- Theological Education
St. Paul says Christians are to “pray without ceasing.” One Quaker practitioner says holy silence — a way of listening to God — is one way to do that.
When work gets too hectic and Brent Bill needs to gather his thoughts, he sends out an email letting folks know he won’t be responding immediately. He presses the “Do Not Disturb” button on his office phone. Then he turns to a piece of artwork, or a poem, and begins an hour-long spiritual practice he calls holy silence.
Bill, executive vice president of the Indianapolis Center for Congregations, is a lifelong Quaker and devotee of what is perhaps its signature spiritual practice. He wrote a book on the subject (Holy Silence: The Gift of Quaker Spirituality, Paraclete Press, 2005) and regularly counsels congregations interested in learning more about silence and other spiritual practices.
“It makes you pay attention to what’s going on, rather than moving through life and having it swirl around you,” Bill says.
Silence is not very well known as a Christian practice. Most people associate it with Buddhism or other Eastern religions. If they associate it with Christianity at all, they usually think of Roman Catholic monks in monasteries.
Bill says Quaker silence is different. In Buddhist meditation, particularly Zen, practitioners work to empty the mind of all thought. If a thought comes up, the practitioner is supposed to look at it in a detached way and let it go.
Roman Catholics have the prayer of the “examen,” developed by St. Ignatius of Loyola. In this brief prayer ¬– which is not supposed to take more than 10 minutes – a person silently reviews the day that has passed for moments of desolation and consolation.
Quaker silence is also about a certain kind of discernment, but it is not tied to an intake of the day’s events. Boiled down to its essence, the practice is a way of listening to the inner rumblings of the soul and sifting through it to hear what is of God.
The Quaker tradition, which evolved from the Reform movement of 17th-century England, calls for fellow believers to sit in a circle for a “meeting,” which for Quakers is another word for worship. Except at this worship service there is no minister, no ritual, no liturgy and no recitation. Anyone may speak if so moved, but the expectation is that a person will only do so if compelled by God.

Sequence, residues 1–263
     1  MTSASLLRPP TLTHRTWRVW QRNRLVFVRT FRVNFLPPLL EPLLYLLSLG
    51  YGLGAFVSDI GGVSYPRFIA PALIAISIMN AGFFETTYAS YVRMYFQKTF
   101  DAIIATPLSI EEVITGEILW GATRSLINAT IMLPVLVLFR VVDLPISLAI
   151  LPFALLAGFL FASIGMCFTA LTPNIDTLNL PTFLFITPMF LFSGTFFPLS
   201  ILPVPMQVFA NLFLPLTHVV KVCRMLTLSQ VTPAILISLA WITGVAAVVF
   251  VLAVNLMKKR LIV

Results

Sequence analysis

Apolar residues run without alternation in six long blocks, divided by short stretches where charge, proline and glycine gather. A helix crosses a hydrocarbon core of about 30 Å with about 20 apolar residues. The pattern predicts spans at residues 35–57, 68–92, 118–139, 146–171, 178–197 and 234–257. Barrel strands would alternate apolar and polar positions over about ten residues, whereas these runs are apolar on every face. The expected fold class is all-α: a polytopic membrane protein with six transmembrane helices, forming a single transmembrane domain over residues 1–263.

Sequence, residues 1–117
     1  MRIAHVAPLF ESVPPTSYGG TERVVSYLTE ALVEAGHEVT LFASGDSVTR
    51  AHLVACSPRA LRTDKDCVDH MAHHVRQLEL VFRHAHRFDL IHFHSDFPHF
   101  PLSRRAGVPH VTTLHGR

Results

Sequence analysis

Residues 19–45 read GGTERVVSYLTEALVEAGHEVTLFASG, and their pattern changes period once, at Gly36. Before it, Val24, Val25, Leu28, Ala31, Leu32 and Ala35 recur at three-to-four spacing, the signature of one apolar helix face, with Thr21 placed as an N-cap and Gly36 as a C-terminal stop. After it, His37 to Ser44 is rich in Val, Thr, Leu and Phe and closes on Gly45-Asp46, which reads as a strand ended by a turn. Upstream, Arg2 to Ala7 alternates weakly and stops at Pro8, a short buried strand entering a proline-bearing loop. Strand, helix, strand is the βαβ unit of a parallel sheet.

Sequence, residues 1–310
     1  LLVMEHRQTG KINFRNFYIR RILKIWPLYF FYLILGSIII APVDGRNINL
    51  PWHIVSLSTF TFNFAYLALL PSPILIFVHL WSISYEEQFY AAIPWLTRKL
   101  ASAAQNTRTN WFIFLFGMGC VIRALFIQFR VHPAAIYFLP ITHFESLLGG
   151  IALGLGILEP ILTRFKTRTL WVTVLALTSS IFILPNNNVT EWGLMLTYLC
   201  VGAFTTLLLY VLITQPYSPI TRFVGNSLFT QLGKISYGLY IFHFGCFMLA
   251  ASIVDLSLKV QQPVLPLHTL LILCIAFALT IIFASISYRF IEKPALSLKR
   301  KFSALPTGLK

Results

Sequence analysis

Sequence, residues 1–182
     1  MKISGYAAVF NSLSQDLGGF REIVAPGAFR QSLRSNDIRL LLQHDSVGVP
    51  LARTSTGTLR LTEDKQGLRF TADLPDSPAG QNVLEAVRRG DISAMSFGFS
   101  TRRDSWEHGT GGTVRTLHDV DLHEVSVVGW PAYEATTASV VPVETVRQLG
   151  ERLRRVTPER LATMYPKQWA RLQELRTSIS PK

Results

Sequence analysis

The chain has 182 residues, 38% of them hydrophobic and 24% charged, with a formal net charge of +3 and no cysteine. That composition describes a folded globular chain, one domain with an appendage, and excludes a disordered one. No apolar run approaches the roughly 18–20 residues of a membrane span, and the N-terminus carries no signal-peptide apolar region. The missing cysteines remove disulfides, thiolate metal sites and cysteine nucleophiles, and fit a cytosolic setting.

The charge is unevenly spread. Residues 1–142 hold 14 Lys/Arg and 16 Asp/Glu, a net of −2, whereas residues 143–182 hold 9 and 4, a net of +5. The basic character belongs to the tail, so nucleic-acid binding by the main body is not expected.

Most meetings last an hour. And Quakers are expected to use silence as a component of their daily spiritual practice too.
Bill said many Protestant denominations are attracted to the idea of silence, even as they’re afraid to really indulge it.
“Americans don’t know how to handle silence,” he says. “It’s usually 30 seconds; meanwhile, the organ is playing softly. It’s not really silence.”
At the same time, Bill knows it’s impractical for most denominations to build silence into their worship the way Quakers do — for thirty minutes at a minimum.
He suggests something in between, allowing a congregation to slowly build up to a desired goal. He recommends guiding congregations to take some time to listen to their breathing and then pay attention to what’s going on in their souls.
To Bill, silence is a form of prayer. Referring to that famous passage from 1 Thessalonians 5:17, he adds:
“St. Paul says we should pray without ceasing. Many of us cease without praying. People think we should be on our knees. But Quaker silence is a way to pray without ceasing. It’s a way of being in constant prayer with God.”
Increasingly, Bill says, congregations want to try it. He sees churches taking trips to the Kentucky-based Abbey at Gethsemane, where Trappist monk Thomas Merton lived. More broadly, he sees churches interested in reclaiming a wider range of spiritual practices, such as healing, fasting and Lectio Divina or holy reading of Scripture like seen at the Web site Practicing our Faith.
In the past five years about 130 congregations have called the Center for Congregations seeking advice or resources. Churches have used his book for Sunday school. One even hosted a conference on spiritual practices.
But Bill cautions congregations that silence is not a panacea. Like everything else in life, it has to be cultivated and practiced.
“It doesn’t come easy to anyone,” says Bill, 56. “I’m better at it than I was when I was 20, but I have a long way to go.”
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